The intermunicipal board of management of residual waste of the Gaspésie has developed a mulch with recycled glass, and Nathalie Flag also shows the type of tiles which might be manufactured with plastics that are undesirable.
July 17, 2020
Updated on July 18, 2020 to 6h18
The gaspé peninsula: what to do with the plastic side?
GRANDE-RIVIÈRE — The intermunicipal board of management of residual waste of the Gaspé peninsula is teaming with a consulting firm and will shortly be testing the two universities in order to find something to make with the “plastic junk”, the soft plastics to be recovered, but for which there is almost no market currently.
These plastics represent several hundred tonnes per year for the MRC du Rocher-Percé and Côte-de-Gaspé, which are 37 000 people.
“Just for the plastic bags, it is 300 tonnes per year for the two MRCS that we serve. It does not count the plastic packaging, agricultural, nets, plastic bags and other types of the same genre,” says Nathalie Drapeau, director of the intermunicipal board of management of residual waste of the Gaspé peninsula (RITMRG).
To the québec-wide scale, one can think of a volume of 70 000 tonnes of bags of unwanted, and more than 100 000 tonnes, the figures in conservative politics, including other types of plastics without opportunities.
The sorting centers frequently accumulate these plastics for a certain time, and then they send them to the landfill. The costs of burial of about $ 200 a tonne, a variable cost, these 100 000 tonnes are forcing canadians to pay at least $ 20 million per year, in pure loss, only for soft plastics.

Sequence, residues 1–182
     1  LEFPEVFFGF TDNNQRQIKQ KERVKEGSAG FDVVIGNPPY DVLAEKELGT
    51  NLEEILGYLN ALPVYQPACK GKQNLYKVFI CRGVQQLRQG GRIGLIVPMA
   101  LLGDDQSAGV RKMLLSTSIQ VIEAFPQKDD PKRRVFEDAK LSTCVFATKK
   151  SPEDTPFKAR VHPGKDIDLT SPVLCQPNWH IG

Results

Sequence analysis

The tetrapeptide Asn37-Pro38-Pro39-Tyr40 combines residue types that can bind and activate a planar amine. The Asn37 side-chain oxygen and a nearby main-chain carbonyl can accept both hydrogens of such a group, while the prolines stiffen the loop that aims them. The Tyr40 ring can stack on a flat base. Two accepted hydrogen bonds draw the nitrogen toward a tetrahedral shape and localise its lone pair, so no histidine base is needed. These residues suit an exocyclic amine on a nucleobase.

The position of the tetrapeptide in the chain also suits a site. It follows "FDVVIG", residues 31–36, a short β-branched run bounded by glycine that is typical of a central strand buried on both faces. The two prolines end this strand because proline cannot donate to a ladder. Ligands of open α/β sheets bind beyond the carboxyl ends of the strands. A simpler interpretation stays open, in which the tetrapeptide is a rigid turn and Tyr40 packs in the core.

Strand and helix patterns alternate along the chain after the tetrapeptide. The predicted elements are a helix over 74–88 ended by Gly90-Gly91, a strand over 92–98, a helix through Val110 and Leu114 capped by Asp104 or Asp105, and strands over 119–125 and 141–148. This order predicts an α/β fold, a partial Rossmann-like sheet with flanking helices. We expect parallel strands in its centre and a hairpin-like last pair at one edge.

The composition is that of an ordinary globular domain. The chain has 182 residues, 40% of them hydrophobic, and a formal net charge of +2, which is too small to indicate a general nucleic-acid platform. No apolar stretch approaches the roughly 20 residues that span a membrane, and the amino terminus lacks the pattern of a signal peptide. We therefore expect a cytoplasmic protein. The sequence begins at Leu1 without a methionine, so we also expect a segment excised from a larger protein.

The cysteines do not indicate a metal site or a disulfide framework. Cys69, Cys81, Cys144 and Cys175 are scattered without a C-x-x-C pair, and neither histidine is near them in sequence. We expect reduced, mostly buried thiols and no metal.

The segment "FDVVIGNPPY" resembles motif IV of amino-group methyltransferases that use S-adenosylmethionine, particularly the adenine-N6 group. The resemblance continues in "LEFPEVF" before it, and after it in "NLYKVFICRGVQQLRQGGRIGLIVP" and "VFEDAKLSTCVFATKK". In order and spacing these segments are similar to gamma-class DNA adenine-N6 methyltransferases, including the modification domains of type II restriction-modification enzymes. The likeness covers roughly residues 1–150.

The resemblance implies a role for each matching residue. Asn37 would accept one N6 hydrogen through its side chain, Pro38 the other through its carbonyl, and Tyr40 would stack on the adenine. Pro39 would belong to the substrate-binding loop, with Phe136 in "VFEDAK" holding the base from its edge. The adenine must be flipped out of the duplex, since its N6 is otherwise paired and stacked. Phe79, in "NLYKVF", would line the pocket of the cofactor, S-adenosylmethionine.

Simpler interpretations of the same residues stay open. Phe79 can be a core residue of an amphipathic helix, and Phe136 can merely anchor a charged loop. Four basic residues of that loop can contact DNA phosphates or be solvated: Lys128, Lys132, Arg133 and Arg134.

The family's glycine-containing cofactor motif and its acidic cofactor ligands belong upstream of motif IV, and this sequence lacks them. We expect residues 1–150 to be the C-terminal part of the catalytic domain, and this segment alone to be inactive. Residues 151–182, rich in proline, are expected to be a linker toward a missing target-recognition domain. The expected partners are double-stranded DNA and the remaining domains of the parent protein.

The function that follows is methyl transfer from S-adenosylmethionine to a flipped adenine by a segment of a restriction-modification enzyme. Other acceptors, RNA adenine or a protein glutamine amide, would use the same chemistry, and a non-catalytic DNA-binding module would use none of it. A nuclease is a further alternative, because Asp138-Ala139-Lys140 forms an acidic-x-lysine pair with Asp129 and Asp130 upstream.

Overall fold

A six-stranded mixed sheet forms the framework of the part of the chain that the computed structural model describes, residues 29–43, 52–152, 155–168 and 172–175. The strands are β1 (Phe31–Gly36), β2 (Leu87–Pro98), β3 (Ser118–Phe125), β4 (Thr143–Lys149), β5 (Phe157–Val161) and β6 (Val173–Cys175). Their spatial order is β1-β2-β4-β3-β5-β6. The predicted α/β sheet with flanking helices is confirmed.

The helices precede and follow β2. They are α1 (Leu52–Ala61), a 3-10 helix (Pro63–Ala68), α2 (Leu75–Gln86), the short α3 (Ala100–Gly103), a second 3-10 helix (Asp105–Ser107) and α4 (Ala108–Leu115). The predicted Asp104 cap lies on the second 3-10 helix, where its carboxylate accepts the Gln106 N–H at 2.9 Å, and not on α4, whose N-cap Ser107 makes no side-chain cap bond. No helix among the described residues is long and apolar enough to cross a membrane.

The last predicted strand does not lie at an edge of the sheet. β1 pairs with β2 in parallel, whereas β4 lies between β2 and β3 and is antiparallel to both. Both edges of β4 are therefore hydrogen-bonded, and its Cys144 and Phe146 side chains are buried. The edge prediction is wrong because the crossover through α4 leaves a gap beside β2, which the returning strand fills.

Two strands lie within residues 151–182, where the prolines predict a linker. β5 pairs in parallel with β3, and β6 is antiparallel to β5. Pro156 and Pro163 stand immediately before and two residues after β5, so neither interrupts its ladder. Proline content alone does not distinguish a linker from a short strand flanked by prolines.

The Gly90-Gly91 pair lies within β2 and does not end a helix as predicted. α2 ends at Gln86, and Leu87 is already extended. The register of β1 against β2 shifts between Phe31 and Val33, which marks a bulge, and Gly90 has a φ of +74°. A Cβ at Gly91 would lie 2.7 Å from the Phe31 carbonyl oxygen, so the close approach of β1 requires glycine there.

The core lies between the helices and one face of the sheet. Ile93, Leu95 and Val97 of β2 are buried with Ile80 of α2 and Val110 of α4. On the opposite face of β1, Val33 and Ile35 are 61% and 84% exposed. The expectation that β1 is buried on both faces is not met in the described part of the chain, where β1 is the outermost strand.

Nathalie Flag describes the constraints related to these soft plastics, generally designated as categories 3 to 7.
“Here, it’s been two years since they accumulate. According to the charter, we must welcome them, but there is no market, or very little. We are far from transformers, and we have small volumes and little storage space,” she explains.
More often than not, when the lack of space, the RITMRG is forced to dispose of it to landfill, if any lessee does not occur, which is the standard. This year, however, the bales should find an outlet experimental.
Currently, researchers are trying to check if a part of these plastics could enter into the composition of the asphalt, while another portion could be used to manufacture various objects, including slabs of earthworks.
In November 2019, las see hundreds of tons of plastic make their way to the landfill and cost nearly $ 100,000 per year, the board of directors of the intermunicipal board of management discussed the possibilities to consider these soft plastics as a resource.
“I had the authorization to make an application for financial support to Recyc-Québec for a pilot project. One expects a response in September,” says Drapeau about a project of $135 000.
In the meantime, the RITMRG took the lead and by contacting a firm of experts in “green chemistry”, Consulchem, to identify opportunities for soft plastics, according to a manufacturing and a regional use, thus minimizing the costs of transportation and creating jobs.
Consulchem is supported by the Université Laval and the École de technologie supérieure for the subsequent phases of experimentation.
“There is a phase of analysis to find the best options local use and the realization of the pilot project with the City of Percé. This is where should try to incorporate soft plastics to asphalt. To our knowledge, this is a first in Quebec. This will probably be done in the spring. We think we can incorporate two tons of plastic per kilometre of asphalt. Trials have been made to a parking lot in Nova Scotia,” explains Nathalie Flag.
The manufacture of slabs of earthwork will also be analyzed. “One of the goals of the approach also aims to ensure that the process remains green. The laboratories of the two institutions of education [ETS and the University of Laval] as Consulchem, will find the formulations after testing”, she adds.
The intermunicipal board of management has already a few pioneering initiatives to its credit, including the recovery of glass as an abrasive street and for the manufacture of mulch landscaping.
The future is based, however, on a few principles on which the organization gaspé is also in advance.
“You have to work at the source on the packaging, to ensure that the material arriving to the consumer are easy to reuse and recover. There is still enormous work of outreach to do,” she says.